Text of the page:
The relative high mass of the materials used to form the magnetic elements and the relatively high rotor speeds, generally in the order of 1000-16,000 RPM, create significant forces during rotor operation, including centrifugal forces and substantial momentum forces upon sudden reversals of rotor rotation. Retention of the magnets in predetermined rotational positions about the core is critical to optimum motor operation. A number of methods and techniques for retaining magnets in fixed relation on the rotor core have previously been considered. One such technique involves positioning the magnetic elements around the core and applying a Kelvar or fiberglass wrap to hold the magnets in place. In this technique, an adhesive filler may be employed to fill voids and provide a more rigid structure, thereby further preventing magnet movement about the core during motor operation.
Another technique for retaining magnets on an associated core in a permanent magnet rotor includes wrapping a relatively fine wire, under tension, around the magnetic elements followed by an adhesive or epoxy coating to protect the wire and "pot" the assembly. Another technique employs a cylindrically shaped shell or "can" which is assembled around the outer peripheral surfaces of the magnets. Various prior methods and techniques for retaining magnets in fixed rotational position on associated cores in permanent magnet rotors are described in greater detail in the aforementioned U.S. Pat. No. 5,040,286.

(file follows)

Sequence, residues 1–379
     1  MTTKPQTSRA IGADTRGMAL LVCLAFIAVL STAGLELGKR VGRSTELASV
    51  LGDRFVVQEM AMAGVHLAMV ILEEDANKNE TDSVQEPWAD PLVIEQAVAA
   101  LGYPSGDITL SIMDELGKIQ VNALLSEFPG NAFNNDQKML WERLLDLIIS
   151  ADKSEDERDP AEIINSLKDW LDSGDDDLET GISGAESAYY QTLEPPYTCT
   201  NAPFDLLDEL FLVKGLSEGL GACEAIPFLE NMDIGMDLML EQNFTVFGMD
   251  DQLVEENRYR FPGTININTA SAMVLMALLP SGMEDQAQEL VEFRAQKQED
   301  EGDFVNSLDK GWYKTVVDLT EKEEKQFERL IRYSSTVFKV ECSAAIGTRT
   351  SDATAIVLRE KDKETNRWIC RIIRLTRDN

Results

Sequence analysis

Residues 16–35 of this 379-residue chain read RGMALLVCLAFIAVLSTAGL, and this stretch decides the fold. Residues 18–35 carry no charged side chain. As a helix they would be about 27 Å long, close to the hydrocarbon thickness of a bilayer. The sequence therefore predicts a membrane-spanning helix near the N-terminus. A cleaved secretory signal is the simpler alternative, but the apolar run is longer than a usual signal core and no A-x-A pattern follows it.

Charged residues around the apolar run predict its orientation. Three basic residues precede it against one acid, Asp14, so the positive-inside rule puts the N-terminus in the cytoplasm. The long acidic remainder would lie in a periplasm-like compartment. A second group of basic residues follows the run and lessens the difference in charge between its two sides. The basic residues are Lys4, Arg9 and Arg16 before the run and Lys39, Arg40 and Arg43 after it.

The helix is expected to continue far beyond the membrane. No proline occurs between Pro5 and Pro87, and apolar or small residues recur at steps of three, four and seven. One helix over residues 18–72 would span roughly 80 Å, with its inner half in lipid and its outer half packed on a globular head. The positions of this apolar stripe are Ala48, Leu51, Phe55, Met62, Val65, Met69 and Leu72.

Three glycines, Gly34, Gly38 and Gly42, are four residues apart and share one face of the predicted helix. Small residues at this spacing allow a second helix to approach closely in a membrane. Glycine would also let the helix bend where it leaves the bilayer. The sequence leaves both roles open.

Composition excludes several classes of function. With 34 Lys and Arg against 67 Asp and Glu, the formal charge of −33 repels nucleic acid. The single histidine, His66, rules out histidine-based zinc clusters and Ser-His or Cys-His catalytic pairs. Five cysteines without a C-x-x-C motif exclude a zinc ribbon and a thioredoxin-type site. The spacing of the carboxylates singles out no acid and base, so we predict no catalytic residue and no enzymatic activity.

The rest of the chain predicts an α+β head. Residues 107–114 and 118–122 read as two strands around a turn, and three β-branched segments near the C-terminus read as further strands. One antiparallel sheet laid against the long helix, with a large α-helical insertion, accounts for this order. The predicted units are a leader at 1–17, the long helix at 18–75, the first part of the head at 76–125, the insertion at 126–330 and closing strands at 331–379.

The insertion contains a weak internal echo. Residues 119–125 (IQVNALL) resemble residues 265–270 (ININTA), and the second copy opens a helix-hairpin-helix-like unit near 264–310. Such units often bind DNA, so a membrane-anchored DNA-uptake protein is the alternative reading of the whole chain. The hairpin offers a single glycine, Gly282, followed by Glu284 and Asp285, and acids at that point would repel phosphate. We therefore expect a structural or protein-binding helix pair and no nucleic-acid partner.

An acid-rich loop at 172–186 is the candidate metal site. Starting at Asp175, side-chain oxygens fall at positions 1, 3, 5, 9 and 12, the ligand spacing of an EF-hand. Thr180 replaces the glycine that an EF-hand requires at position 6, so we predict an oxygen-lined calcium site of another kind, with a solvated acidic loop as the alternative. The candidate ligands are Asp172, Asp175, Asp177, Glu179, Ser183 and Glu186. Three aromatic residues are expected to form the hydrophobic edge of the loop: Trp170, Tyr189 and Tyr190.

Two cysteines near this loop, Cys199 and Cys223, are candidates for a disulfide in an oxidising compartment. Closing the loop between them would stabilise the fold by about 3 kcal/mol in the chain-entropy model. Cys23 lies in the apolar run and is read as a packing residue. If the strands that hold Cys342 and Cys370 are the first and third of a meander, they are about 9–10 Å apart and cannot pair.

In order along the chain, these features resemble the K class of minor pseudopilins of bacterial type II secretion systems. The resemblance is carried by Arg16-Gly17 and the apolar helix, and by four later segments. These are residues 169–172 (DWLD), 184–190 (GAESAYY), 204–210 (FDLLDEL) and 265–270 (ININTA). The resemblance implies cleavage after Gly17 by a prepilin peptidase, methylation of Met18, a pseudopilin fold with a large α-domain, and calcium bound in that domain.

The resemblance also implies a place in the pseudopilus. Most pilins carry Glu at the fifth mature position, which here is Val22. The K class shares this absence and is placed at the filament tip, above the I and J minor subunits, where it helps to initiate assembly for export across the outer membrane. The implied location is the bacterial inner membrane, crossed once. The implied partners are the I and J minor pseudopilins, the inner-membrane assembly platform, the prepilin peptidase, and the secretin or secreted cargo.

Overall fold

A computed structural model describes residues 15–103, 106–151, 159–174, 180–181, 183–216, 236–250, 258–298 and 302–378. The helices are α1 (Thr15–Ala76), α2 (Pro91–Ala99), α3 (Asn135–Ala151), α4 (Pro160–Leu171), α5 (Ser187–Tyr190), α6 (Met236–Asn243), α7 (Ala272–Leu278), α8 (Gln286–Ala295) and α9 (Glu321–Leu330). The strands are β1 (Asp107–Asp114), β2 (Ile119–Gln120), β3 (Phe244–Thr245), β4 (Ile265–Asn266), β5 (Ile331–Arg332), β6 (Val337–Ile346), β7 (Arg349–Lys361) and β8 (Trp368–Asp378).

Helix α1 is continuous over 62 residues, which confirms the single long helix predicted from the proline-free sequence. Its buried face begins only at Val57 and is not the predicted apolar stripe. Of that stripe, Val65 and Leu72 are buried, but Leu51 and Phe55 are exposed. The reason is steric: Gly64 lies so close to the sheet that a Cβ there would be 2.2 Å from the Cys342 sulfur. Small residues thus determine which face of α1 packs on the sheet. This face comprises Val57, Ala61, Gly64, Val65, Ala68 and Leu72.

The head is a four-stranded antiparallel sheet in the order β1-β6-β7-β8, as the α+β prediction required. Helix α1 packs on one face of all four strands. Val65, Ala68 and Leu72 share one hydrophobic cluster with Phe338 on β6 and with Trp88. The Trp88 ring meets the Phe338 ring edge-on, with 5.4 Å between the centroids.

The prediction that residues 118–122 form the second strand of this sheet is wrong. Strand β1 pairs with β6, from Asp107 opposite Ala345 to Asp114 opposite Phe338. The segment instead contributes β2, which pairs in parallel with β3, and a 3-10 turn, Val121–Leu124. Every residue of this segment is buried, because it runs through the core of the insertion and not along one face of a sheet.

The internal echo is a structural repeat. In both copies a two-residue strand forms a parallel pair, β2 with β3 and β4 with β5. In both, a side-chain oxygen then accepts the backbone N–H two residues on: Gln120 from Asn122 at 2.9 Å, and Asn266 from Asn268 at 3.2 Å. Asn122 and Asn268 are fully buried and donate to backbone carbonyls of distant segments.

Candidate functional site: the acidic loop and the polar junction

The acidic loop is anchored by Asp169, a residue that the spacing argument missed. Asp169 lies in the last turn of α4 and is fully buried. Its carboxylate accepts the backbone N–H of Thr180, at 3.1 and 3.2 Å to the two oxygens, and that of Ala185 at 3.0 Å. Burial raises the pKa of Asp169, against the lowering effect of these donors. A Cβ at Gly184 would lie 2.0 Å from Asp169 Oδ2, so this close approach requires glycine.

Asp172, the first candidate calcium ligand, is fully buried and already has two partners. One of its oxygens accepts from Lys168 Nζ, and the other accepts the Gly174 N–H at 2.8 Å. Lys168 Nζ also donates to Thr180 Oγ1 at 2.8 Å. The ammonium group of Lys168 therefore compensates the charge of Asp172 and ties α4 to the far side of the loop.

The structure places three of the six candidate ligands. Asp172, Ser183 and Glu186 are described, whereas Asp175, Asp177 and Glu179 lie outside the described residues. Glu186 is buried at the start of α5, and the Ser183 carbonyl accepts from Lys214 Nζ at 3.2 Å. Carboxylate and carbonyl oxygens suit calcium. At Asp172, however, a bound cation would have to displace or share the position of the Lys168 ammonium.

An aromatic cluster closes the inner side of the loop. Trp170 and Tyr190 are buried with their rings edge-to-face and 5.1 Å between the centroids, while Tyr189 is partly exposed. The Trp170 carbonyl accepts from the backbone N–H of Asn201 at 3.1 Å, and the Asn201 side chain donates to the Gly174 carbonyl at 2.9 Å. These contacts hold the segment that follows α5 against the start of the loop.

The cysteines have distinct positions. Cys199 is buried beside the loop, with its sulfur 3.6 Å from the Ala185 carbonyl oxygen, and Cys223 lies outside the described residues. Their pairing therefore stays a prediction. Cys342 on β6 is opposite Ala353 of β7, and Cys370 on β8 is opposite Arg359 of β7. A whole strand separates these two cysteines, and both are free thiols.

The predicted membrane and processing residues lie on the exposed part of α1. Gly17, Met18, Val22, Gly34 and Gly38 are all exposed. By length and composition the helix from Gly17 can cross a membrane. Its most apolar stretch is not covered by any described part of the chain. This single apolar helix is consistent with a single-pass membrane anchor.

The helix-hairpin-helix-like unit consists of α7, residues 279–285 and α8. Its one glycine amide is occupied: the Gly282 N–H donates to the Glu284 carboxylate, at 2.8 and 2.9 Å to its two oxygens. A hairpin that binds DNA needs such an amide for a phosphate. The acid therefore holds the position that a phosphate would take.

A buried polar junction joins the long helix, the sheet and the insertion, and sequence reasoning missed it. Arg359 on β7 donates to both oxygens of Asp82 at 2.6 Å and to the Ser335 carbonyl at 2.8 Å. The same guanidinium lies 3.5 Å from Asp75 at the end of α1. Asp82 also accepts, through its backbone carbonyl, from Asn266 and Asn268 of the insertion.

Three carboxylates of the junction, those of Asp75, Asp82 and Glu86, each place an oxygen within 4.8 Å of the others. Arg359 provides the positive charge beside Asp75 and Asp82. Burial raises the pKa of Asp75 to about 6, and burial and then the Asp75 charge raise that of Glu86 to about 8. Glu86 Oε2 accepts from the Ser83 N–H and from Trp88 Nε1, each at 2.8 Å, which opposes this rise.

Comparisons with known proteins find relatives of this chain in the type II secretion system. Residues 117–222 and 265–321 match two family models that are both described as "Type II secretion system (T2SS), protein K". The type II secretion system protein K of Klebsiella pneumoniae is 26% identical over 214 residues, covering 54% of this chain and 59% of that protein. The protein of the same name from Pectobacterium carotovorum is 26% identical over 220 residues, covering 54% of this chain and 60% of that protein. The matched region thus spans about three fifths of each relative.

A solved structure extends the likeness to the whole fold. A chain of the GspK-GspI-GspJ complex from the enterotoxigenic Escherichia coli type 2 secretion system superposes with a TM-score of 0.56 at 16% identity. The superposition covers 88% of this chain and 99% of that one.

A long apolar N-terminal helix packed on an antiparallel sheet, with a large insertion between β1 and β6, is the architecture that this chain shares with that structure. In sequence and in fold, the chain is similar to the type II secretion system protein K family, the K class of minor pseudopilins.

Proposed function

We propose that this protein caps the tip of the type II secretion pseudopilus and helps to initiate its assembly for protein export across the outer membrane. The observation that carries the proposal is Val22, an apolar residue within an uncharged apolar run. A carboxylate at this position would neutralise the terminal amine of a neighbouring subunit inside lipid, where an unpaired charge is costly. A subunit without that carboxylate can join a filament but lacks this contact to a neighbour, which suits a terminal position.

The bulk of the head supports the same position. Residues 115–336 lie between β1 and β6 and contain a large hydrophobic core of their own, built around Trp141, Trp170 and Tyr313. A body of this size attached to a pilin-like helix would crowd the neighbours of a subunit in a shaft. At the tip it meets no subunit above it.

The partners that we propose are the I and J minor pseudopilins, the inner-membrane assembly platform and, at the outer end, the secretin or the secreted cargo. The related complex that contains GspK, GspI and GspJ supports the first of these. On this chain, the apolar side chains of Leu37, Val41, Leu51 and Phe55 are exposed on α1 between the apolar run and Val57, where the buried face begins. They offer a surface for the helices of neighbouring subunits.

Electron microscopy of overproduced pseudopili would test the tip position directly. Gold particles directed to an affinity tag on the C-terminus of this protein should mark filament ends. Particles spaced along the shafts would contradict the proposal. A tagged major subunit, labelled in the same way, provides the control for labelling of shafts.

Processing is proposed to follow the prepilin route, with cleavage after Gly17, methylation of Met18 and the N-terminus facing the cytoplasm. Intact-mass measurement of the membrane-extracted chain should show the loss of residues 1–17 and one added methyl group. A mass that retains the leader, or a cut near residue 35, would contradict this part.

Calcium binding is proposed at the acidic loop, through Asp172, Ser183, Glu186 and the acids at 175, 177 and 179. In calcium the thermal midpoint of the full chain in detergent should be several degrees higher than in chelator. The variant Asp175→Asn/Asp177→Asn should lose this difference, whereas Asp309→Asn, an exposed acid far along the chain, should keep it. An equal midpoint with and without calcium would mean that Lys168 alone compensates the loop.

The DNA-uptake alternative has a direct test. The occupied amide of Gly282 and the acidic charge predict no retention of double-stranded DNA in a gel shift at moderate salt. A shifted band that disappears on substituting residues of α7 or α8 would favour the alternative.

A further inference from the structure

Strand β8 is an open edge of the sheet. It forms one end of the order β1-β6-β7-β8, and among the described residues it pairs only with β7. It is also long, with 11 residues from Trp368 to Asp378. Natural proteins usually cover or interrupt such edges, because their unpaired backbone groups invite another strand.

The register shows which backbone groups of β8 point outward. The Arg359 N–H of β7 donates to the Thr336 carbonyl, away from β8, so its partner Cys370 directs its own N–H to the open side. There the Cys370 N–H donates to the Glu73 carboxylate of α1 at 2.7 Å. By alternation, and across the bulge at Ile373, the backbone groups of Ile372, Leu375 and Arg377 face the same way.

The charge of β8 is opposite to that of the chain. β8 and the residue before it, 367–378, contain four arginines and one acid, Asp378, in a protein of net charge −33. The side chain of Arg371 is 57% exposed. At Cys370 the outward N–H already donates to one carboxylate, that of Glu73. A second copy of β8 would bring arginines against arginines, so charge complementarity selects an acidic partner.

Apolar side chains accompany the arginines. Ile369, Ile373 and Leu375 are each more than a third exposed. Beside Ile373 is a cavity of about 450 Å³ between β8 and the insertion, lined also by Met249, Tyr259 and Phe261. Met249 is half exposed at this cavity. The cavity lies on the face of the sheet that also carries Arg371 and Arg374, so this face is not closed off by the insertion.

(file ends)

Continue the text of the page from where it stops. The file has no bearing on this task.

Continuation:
While many of the prior approaches to retaining magnets on rotor cores has been found satisfactory for their intended applications, many exhibit drawbacks such as difficulty in manufacture and/or assembly, or failure to adequately retain the magnets in fixed rotational position on the rotors during high speed operation and when subjected repeated starting, stopping and reversal of the motor in which the rotor is used.
As described in pending application Ser. No. 863,900, public concern over power consumption, as well as environmental concerns, have among other things lead to increased research and effort in the design of more efficient electrical appliances, including components such as fan motors. Accordingly, a rotor assembly which lends itself to economical manufacturing techniques and use in motor applications which contribute to reduced power consumption and improved environmental conditions would greatly enhance the public well-being.